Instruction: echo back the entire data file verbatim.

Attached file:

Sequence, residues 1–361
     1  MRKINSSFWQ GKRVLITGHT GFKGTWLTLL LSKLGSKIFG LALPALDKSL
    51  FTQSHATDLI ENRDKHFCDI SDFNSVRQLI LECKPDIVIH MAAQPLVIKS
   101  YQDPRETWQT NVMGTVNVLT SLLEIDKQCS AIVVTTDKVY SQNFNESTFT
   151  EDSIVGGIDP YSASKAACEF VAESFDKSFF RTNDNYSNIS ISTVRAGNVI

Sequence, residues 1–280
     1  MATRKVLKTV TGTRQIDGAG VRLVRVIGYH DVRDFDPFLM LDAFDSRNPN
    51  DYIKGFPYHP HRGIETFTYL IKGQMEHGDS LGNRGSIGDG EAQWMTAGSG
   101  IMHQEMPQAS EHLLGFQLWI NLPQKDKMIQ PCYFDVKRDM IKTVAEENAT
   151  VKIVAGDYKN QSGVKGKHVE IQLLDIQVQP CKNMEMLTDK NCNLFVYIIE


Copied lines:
Sequence, residues 1–361
     1  MRKINSSFWQ GKRVLITGHT GFKGTWLTLL LSKLGSKIFG LALPALDKSL
    51  FTQSHATDLI ENRDKHFCDI SDFNSVRQLI LECKPDIVIH MAAQPLVIKS
   101  YQDPRETWQT NVMGTVNVLT SLLEIDKQCS AIVVTTDKVY SQNFNESTFT
   151  EDSIVGGIDP YSASKAACEF VAESFDKSFF RTNDNYSNIS ISTVRAGNVI

Sequence, residues 1–280
     1  MATRKVLKTV TGTRQIDGAG VRLVRVIGYH DVRDFDPFLM LDAFDSRNPN
    51  DYIKGFPYHP HRGIETFTYL IKGQMEHGDS LGNRGSIGDG EAQWMTAGSG
   101  IMHQEMPQAS EHLLGFQLWI NLPQKDKMIQ PCYFDVKRDM IKTVAEENAT
   151  VKIVAGDYKN QSGVKGKHVE IQLLDIQVQP CKNMEMLTDK NCNLFVYIIE